Pisto teased Capsuno and I for sleeping so late., but Vitzo and B-dan said they had gotten up only a few minutes before us. I didn’t feel bad. I actually felt really good. Comfortable and smiley and warm, even though my eyes were puffy and red.

Vitzo and B-dan left–Vitzo had tutoring appointments at noon. Capsuno, Directoara, Pisto and I went to the steep, ice-covered hill and grabbed two sleds leaning against carved stone embankment. Romanian sleds are fantastic. They are all wood and metal. They have two long, round runners along the base. There is no plastic, or fancy colors. They are difficult to steer, a little heavy, and, best of all, they go really fast.

I hopped on a sled and rode it down the steep driveway. I almost veered off the bridge at the bottom into the river. Then I hit a series of bumps that rattled the lump of corn meal and cheese in my happy belly. It was fantastic, and I laughed out loud.

Capsuno came next, rattling down the hill, legs flayed out, short squeaks piercing through her rust red, second-hand jacket. When she finally stopped herself at the bottom of the hill, her expression was a mix of terror and dumb joy. The emotion was articulated perfectly by the next thing she said: “I don’t know if I liked that.”

So, the four of us trekked up the valley of Voie-Vodu. The snow was 5-6 inches deep, and light. I instantly felt an electricity inside me. The trees themselves seemed like an undefined patchwork of white hanging on black branches–the green over exposed by the blaze of late morning snow-shine.

I occasionally pulled Capsuno on the sled, or she would pull me. Pisto and Miora played the same game. We passed massive, three story cabanas made of carefully placed wood, like Lincoln Logs. They looked warm, cozy, mysterious. They were keeping secrets. Capsuno gazed at them, longingly. “I want one of those someday,” she said, half to me, and half to herself.

We turned back after a mile and a half, maybe more, and pulled each other down the road. We began a snowball fight with Pisto. We gave each other snow baths. It was so ridiculously idyllic that it seemed like some Eastern-European fairytale. But I’ve become accustomed to moments like this in Romania: the land of quiet dreams and rugged simplicity. Sometimes for the better (at moments like this) and sometimes for worse, when it frustrates.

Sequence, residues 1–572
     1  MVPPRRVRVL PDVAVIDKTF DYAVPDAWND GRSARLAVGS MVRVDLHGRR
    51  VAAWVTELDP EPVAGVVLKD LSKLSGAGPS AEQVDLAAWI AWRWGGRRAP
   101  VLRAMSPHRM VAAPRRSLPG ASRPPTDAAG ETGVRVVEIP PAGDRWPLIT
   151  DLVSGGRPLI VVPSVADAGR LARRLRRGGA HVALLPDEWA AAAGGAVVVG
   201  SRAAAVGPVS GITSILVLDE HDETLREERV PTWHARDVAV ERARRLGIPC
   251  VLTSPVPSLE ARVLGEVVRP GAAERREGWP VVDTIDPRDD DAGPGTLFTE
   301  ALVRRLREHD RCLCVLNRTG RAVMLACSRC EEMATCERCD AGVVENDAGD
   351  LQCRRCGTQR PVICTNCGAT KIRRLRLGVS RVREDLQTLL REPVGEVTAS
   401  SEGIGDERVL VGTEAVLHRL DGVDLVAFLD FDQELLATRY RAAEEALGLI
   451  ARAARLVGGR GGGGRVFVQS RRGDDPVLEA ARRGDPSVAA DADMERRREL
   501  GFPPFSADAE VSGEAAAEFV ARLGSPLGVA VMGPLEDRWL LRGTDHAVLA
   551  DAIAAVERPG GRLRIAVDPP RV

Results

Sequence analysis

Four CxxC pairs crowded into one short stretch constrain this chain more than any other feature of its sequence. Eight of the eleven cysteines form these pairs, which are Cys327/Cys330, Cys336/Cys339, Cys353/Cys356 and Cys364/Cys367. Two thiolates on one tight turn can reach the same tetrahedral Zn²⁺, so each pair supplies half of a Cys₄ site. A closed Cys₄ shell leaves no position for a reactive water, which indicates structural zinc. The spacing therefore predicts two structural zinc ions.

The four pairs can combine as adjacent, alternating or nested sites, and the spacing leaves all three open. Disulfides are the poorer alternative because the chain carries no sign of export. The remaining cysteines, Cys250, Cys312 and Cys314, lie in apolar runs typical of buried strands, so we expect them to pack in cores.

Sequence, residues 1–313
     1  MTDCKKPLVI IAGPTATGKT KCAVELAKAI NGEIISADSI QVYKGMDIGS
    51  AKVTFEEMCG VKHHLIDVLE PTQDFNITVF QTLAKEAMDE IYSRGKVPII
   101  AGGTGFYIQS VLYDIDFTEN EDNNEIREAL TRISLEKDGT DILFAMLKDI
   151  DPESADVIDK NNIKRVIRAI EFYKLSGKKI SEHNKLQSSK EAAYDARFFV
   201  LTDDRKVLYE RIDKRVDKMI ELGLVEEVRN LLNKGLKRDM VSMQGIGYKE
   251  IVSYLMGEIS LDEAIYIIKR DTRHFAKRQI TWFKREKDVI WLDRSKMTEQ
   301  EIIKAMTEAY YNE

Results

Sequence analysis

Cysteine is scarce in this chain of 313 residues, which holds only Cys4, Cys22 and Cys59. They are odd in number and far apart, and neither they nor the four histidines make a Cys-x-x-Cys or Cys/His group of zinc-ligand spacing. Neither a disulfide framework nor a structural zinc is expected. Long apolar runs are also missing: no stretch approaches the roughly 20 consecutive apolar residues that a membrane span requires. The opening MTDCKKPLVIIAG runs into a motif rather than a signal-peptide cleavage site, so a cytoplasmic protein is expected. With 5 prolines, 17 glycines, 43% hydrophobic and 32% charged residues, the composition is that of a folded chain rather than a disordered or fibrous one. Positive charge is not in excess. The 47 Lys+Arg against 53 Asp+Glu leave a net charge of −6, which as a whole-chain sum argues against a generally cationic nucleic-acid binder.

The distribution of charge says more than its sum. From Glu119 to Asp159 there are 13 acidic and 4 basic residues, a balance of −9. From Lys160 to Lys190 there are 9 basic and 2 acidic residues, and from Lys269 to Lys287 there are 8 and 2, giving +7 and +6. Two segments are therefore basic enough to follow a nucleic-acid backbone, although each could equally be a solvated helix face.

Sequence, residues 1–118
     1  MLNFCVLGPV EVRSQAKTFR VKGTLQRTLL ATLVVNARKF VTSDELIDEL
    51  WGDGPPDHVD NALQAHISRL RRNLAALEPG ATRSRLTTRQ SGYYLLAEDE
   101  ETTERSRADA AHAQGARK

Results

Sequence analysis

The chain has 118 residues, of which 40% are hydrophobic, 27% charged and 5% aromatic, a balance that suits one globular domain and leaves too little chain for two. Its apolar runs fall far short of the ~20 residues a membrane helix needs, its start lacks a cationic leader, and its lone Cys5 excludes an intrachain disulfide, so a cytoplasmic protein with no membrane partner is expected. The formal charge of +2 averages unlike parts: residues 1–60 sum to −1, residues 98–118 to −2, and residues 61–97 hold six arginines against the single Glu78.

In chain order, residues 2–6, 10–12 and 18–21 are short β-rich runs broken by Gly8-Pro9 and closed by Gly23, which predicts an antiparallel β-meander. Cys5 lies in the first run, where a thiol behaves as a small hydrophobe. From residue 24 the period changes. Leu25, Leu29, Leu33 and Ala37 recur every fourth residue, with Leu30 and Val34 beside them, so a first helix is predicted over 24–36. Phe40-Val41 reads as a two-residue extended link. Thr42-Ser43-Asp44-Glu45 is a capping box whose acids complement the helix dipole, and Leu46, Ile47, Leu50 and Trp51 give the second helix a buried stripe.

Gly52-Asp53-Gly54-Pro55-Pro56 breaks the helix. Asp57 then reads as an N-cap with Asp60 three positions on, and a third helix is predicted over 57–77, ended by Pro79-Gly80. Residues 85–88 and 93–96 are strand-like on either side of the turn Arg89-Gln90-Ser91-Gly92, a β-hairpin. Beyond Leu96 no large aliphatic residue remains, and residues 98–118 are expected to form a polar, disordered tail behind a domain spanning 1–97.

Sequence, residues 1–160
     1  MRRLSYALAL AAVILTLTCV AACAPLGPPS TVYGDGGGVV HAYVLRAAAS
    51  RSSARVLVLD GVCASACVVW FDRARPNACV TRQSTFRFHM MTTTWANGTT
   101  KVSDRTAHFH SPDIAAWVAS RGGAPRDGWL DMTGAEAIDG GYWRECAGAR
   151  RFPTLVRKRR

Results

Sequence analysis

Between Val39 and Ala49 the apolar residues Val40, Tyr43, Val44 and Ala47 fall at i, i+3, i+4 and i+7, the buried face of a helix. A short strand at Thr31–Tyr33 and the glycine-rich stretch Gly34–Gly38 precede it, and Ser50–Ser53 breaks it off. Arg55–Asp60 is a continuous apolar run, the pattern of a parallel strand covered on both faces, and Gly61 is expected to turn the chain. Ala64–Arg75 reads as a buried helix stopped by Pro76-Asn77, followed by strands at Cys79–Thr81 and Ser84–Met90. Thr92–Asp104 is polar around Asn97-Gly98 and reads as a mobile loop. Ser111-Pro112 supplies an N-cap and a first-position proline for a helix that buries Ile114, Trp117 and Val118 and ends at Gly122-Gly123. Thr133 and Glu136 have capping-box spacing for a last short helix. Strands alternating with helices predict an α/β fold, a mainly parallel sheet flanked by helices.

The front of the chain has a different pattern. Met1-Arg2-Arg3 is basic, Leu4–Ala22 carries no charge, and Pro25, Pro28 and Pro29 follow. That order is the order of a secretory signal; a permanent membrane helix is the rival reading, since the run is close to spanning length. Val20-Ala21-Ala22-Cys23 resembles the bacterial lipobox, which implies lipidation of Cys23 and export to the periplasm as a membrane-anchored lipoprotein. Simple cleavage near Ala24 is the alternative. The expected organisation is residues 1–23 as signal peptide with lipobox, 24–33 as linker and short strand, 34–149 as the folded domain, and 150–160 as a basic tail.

At the Cabana, we veered right, following a small, one lane road along the river. I told Pisto I didn’t want to turn home, yet. Exasperated, he said “you walk and you walk and suddenly you realize you should have turned around two hours ago.” Capsuno hit him with a snowball for me. He almost pushed her face down into a fresh pile of horse manure.

We made our way back: back past the river, back up the icy hill, back past the snarling dogs, and back into the warm dining room. The children whose father owns the cabana were there. One carefully prepared a large pot of tea for the rest. The two oldest boys cooked food. The youngest girl swept and labored to collect dirt in a warped dust pan. Each child had their task, and each worked laboriously, without complaining.

Directoara, Capsuno and I toasted our fairy-tale weekend with a small shot of Tuica. Pisto refused: he had to drive. I’ve noticed that Romanians take drinking and driving very seriously here, although I’ve never seen anyone pulled over– for drunk or reckless driving or even for speeding.

We put our bags in the trunk, and slowly plodded home. Exhausted, eyes burning, I held Capsuno’s hand and stared out the window. I tried to reflect on my fairy-tale story, to think of all the chapters my fantasy life here in Romania has written. My eyes flicked over the passing scenery, but my mind was much deeper. I was remembering that I had volunteered for all of this. That Peace Corps and my community were actually paying to have me present here. That I had come here to open myself to a community in need. And instead, when I had opened, this entire country of make-believe had rushed in.